Osaka was formerly known as Naniwa. Before the Nara Period, when the capital used to be moved with the reign of each new emperor, Naniwa was once Japan’s capital city, the first one ever known.
With a population of 2.5 million, Osaka is Japan’s third largest and second most important city. It has been the economic powerhouse of the Kansai region for many centuries.
In the 16th century, Toyotomi Hideyoshi chose Osaka as the location for his castle, and the city may have become Japan’s capital if Tokugawa Ieyasu had not terminated the Toyotomi lineage after Hideyoshi’s death and moved his government to distant Edo (Tokyo).
Osaka Castle with its huge lawn park. The bustling Umeda Underground Mall and Namba are also main attractions.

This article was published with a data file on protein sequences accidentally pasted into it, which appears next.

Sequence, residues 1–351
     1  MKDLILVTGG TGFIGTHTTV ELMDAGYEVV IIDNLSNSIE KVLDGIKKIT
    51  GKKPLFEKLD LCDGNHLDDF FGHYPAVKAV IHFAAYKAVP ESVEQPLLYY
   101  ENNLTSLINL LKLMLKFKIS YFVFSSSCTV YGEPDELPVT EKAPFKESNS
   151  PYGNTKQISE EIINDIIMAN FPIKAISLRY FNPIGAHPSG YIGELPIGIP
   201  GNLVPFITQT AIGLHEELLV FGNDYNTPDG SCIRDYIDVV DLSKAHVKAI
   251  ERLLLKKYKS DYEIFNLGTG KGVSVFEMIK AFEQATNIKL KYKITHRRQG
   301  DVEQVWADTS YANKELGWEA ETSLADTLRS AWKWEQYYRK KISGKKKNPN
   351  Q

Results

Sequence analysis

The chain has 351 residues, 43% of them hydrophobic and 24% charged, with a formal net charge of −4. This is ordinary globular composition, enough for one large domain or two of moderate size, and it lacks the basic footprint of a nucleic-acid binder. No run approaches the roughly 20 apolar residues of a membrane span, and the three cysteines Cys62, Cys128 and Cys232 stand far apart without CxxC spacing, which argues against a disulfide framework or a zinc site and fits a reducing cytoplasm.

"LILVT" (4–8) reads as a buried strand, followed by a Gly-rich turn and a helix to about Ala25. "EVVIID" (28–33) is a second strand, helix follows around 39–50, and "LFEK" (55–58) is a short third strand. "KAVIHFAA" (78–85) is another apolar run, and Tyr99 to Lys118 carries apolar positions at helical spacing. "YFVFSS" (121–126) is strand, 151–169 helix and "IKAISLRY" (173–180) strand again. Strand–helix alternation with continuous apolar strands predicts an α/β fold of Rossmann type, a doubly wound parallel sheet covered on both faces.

Osaka prefecture located in the center of Kinki region in the Midwest Japan covers the smallest prefecture land area in Japan, but boasts of largest population and highest population density second only after the capital, Tokyo. Mountains surround three sides of the prefecture and the west faces the arc-shaped Osaka Bay. Since it is close to former capitals of Japan Kyoto and Nara, it prospered as an important point for land and water transportation as well as a commercial city.